The following article is a guest post by Alf Bailey, a photographer from Cheshire, UK. His series, “Diary of a Landscape Photographer,” recounts the scenarios that lead to capturing his stunning landscape photography. More of his work can be found at; and as always, we welcome your comments below.

New Brighton, River Mersey, Wirral July 12th

After a somewhat wet and windy week, I finally escaped for an evening to visit another nearby landmark Perch Rock New Brighton, on the River Mersey and Wirral peninsular, by now you will be thinking I’m obsessed with lighthouses, and errm well you are quite right, I am. There is something about a lighthouse that is just like a magnet to me, I can’t resist photographing them at every given opportunity. I like everything a lighthouse stands for, the guiding light, the solid structure that will withstand all weather conditions; they all have stories to tell, and seem symbolic monuments of the bravery of countless lifeboat crews that risked and indeed sometimes lost their very lives to the sea. It was a Monday and I was in luck as there weren’t many people about at all. There was a great deal of broken cloud, but I thought to myself “hmmmm that might look good later on as the sun drops  After a walk up and down the beach I took a few shots of the sea defence groynes, but nothing I could do in the current light made them look like anything other than what they were i.e. Ugly brown things! Moving swiftly on to the light house I discovered a rock pool and set up my tripod. Whilst I made adjustments to my gear I became aware of the presence of a couple of young lads, who seemed pre-occupied with looking in rock pools nearby.

[rewind: Learn HDR Photography from SLR Lounge]

Hoping they would depart quickly I thought I might be able to help find what they were looking for. I said “Alright lads, looking for anything in particular  they looked at each other then both answered in unison “Crabs  I replied “ooh right ok ¦well you might find some down there by those groynes, I noticed a lot of rock pools there  Not to be deterred, they then went on to explain that they were interested in starting a marine life project at home with an aquarium and all the filters pumps and paraphernalia that goes with them. As it turned out they were a couple of pleasant lads. Before departing I took a few shots of them and one asked “Will we be famous now ? and I replied ¦. It’s very likely ¦ ¦Standing there with that big pink bucket and your hands on your hips, you should attract some attention  They laughed and moved away at last leaving me to my clouds, rapidly incoming tide and last light of day. The pool in front of the lighthouse was filling with water fast, and I managed to finish the long exposure just in time to avoid wet feet.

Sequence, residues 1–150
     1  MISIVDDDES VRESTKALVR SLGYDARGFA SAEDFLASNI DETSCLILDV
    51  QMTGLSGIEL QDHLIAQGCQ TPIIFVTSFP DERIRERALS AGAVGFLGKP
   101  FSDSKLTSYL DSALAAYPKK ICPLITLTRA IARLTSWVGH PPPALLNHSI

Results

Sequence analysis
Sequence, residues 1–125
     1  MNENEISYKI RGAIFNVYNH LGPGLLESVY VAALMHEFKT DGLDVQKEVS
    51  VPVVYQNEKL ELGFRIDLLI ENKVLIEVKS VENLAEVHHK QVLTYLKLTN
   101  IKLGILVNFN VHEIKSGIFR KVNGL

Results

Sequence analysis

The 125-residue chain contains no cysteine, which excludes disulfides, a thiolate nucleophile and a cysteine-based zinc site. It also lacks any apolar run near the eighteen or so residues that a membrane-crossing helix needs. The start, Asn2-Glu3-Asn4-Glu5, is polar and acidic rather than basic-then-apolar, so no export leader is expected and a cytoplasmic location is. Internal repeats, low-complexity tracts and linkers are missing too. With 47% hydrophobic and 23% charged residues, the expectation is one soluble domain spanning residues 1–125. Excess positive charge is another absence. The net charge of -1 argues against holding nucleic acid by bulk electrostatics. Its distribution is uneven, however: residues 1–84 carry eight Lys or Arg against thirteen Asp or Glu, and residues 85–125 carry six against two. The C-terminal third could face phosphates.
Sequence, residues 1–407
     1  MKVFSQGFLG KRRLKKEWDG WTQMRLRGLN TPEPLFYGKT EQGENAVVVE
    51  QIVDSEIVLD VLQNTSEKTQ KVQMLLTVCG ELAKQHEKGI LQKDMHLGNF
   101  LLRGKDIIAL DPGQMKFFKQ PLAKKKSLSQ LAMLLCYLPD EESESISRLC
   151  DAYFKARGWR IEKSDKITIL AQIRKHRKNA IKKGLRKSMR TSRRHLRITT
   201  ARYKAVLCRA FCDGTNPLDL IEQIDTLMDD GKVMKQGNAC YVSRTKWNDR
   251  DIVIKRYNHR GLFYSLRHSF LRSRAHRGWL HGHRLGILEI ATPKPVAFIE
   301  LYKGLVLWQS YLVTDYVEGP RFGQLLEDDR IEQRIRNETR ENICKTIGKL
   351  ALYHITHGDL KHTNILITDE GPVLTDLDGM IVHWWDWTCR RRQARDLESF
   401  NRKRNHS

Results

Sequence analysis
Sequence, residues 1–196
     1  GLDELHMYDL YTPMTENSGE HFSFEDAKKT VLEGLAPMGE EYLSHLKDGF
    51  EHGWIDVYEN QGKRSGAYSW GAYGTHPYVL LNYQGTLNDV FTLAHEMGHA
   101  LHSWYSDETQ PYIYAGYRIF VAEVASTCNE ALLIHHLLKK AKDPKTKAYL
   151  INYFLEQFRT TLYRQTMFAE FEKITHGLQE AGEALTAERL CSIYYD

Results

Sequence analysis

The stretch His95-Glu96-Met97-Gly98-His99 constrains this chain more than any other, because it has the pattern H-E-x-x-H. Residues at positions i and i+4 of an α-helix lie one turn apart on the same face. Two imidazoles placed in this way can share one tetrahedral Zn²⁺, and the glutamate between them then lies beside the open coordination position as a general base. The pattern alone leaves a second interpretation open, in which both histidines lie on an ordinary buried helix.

Image Name: Incoming

I retreated to the relative safety of the rocks and took a few more shots, the light and cloud was changing by the second, and about 5 minutes after taking this shot, all the rocks were completely submerged.

Image Name: Mersey Tide

Castle Dinas Bran, North Wales 17th July

Saturday Night and I’m out enjoying myself again, no not partying, or drinking huge quantities of alcohol, not dancing the night away nor chatting to beautiful women. None of those things, I’m out perched on the side of a hill with the wind howling and whistling past my ears, peering into the viewfinder of my camera, and although conditions are not ideal, I wouldn’t swap places with anyone!

The first building placed at Dinas Brân was not the castle which now stands in ruins on top of the hill but an Iron Age Hillfort built around 600 BC, Though the castle, as it is visible today, was probably built around the 1260’s.

As I walked up the steep gradient to the top, I wasn’t difficult to imagine just hard it would have been to attack a place like this. It was hard enough just to walk to the top, but trying to do so with boulders and stones being thrown at you as well as spears and arrows and anything else that would deter would be attackers, was quite a sobering thought.

For some strange reason known only to them, people that visit this site often take the stones from the walls and arrange them on the hillside to form their own names. As I wandered about the site I come to another name arranged in stones on the hillside “Ceri  then later out of curiosity I looked up the name, which originates from a welsh village not far away in Powys, Mid Wales. I don’t know If it was by coincidence or by design, but there were definite connections between the name that had been arranged in stone a few days ago, and the ancient Castle. Ahh well “truth is stranger than fiction  as they say.

I used some of the stones to give a sense of depth and foreground interest to this HDR image

Image Name: Castle Dinas Bran

Should you have any questions regarding this or previous postings, or require any further information regarding the above images, please feel free to contact me through my website